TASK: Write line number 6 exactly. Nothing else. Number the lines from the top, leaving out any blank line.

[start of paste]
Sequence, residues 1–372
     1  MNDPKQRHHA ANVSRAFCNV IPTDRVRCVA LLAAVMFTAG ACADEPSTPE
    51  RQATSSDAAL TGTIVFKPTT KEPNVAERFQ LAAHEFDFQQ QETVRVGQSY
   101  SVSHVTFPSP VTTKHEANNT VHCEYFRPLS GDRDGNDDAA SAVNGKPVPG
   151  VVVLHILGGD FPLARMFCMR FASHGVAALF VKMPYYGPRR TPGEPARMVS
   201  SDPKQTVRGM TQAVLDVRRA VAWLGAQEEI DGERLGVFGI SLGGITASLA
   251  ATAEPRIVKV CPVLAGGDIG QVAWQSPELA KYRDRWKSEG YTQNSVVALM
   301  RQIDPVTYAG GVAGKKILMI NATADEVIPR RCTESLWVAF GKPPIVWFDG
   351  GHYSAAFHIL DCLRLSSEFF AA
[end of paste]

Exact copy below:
   201  SDPKQTVRGM TQAVLDVRRA VAWLGAQEEI DGERLGVFGI SLGGITASLA